Don your highborn cloak: Ralph Lauren, saviour?
I recently finished reading In His Own Fashion, the official biography of Ralph Lauren, which Alan Flusser kindly gave me last year.
I’d recommend it to anyone - it’s both interesting as a history of fashion in the past 50 years, and inspiring as an extended essay on menswear.
It is not an objective view by any means. If you want something journalistic, you’re better of reading Genuine Authentic by Michael Gross.
Alan raises occasional points of controversy - including the accusation that Ralph plundered traditional cultures such as the Navajo - but only to neatly deal with them, in this case by pointing out that he was later honoured by the American Folk Art Museum.
And Alan’s writing has a tendency towards the flowery, perhaps even fluffy. He will talk of Ralph trying to “represent a plateau of taste that would catapult him above the clutches of fashion’s artifice and impermanence” - words that are by design emotive rather than explanatory.
But that emotion can also be genuinely inspiring. For example he says of the polo coat: “To ensure the classic mantle’s survival, Ralph had to defend it on multiple fronts and over multiple decades. First, he had to protect it from becoming a casualty of the anti-establishment sixties; then he had to defend its honour during the decades of designer-driven fashion excess.”
The next paragraph makes you want to get yours out of the closet, and wrap it around yourself as you continue: “Whether vintage or new, custom or ready-made, this highborn cloak has long been depended upon...From blue jeans to formal-wear, bowlers to baseball hats, there is no style boundary that this blue blazer of outerwear cannot navigate.”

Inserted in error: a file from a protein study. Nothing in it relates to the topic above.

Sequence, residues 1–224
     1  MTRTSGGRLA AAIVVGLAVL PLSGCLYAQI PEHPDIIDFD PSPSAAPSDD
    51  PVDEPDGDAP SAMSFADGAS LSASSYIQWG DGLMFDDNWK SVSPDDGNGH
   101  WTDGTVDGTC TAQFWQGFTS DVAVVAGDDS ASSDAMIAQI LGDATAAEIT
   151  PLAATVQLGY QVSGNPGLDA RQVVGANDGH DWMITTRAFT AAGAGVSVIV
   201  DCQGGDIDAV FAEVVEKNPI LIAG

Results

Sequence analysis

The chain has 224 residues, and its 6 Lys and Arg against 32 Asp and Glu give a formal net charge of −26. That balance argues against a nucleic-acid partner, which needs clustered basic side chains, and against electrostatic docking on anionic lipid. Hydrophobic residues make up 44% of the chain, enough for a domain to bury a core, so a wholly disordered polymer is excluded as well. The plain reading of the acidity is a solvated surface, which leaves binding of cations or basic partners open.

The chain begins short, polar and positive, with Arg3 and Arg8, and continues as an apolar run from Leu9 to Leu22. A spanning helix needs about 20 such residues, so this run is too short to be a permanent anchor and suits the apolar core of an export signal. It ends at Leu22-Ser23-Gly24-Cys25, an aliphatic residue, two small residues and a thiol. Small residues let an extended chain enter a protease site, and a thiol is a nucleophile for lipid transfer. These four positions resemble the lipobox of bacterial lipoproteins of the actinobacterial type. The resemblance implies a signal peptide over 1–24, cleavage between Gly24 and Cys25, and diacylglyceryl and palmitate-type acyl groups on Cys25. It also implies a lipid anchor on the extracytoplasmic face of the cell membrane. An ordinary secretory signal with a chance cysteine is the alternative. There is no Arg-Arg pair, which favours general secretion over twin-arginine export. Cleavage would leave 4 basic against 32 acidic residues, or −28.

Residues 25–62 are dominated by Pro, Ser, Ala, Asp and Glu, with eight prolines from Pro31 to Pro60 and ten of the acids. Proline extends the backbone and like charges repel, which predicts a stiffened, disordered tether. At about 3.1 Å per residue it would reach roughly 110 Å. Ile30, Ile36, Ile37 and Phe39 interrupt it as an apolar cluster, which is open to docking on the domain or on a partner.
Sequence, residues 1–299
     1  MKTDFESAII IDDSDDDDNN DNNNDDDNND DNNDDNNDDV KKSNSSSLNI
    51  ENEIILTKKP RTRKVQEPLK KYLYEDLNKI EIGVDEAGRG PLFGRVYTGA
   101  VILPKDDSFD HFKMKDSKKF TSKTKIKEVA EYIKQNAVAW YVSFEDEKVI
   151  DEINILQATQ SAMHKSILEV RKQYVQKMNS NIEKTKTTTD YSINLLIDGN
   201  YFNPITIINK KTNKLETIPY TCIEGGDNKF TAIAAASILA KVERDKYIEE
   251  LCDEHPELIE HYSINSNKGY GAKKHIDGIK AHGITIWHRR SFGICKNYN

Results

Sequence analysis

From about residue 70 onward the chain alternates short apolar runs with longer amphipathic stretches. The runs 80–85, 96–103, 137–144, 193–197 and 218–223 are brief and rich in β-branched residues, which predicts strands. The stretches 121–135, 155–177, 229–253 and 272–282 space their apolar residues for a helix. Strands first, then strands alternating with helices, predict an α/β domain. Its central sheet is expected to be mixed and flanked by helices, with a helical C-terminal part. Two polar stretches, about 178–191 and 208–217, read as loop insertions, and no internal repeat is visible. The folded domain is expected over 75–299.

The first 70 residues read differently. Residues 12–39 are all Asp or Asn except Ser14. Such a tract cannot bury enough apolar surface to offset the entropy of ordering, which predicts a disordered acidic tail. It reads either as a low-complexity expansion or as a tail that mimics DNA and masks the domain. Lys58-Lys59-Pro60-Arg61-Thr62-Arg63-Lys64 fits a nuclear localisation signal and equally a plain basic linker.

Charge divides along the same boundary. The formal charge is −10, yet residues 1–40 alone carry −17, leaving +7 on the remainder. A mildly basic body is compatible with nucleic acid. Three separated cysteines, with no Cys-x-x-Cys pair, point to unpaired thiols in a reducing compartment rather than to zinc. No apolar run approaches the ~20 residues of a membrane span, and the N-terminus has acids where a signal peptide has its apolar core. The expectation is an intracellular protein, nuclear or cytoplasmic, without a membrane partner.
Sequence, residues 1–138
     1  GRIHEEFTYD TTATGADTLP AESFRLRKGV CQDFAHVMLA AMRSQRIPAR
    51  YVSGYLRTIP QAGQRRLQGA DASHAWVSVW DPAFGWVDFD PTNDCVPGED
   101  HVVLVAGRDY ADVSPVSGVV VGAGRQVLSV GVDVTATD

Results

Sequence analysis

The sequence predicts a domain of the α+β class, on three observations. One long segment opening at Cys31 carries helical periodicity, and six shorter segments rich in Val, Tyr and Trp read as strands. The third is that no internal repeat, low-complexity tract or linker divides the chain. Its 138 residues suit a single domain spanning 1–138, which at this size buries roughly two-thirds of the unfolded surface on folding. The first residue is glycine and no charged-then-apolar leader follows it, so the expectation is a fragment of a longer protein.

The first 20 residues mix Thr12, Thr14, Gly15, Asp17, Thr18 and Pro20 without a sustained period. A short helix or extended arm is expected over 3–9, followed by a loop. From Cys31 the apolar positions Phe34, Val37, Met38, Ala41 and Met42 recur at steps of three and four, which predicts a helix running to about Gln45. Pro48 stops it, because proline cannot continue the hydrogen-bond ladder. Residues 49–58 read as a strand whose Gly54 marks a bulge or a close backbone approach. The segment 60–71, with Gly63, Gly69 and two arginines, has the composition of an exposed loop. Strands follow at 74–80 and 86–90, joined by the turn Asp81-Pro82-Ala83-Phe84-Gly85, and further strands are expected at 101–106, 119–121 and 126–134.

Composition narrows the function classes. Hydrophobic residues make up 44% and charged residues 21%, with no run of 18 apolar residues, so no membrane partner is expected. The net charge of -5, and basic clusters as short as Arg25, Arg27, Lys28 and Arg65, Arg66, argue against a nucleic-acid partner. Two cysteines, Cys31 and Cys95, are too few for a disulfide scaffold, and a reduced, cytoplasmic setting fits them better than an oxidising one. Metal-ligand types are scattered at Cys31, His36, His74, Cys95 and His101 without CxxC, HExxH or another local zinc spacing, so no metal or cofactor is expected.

OK, are you wearing your ‘highborn cloak’? Next are the chapters on Ralph’s background.
These are superficially interesting, but there isn't really much on his personality and character.
The highlights are always the points that turn on clothes. Such as the ‘pants and pearls’ look of Katherine Hepburn, that he so loved (and would later be a foundation of his women’s line) or the teenage gangs in Mosholu Parkway: the ‘rocks’ in black leather jackets and the ‘preps’ in crewnecks and penny loafers.
Strikingly, the thing that stands out in the next section - charting Ralph’s rise through the industry - is how unappealing his clothes are.
No matter how they are described, or how successful they seem to have been, Ralph’s super-wide super-thick ties sound horrible.
Topping out at four or five-inches wide, they were made of upholstery materials, such as velvet and silk tapestries. And they were usually as wide in the neck as they were in the apron. As Alan says, “the necktie’s sheer bulk attracted attention on its own”.
The tailoring isn’t much better. Although frequent references are made to the understated elegance of Fred Astaire, or Paul Stuart legend Cliff Grodd, the RL suits are extremes of fashion.
The lapels are so wide they hang off the side of the chest; the shirts are loud, with contrast collars; some of the trousers have a large chain-link pattern running down their outer seam (examples below).
It’s only when we get into the early 1970s that the Ralph Lauren look seems to mature. He is in his mid-thirties, has been doing this for 15 years, and the looks we know and love start to come together.
The polo shirt is launched, with a key selling point its full-cotton piqué and mother-of-pearl buttons, in deliberate contrast to Lacoste’s poly/cotton blend and plastic. (Interesting, given it’s fair to say quality is not a selling point of the Polo polo shirt today.)
The chino also comes into its own as a foundational part of the Ralph Lauren wardrobe. And Flusser is inspiring again:
“No article of men’s apparel facilitates as many dressing genres and clothing coordinations...Paired with a solid or patterned woven or knit shirt, any colour or model of sweater, sport jacket, or outerwear, the chino is the male’s idea of clothing heaven, the epitome of default dressing.”
Ralph also tries to sell unstructured tailoring, without much success.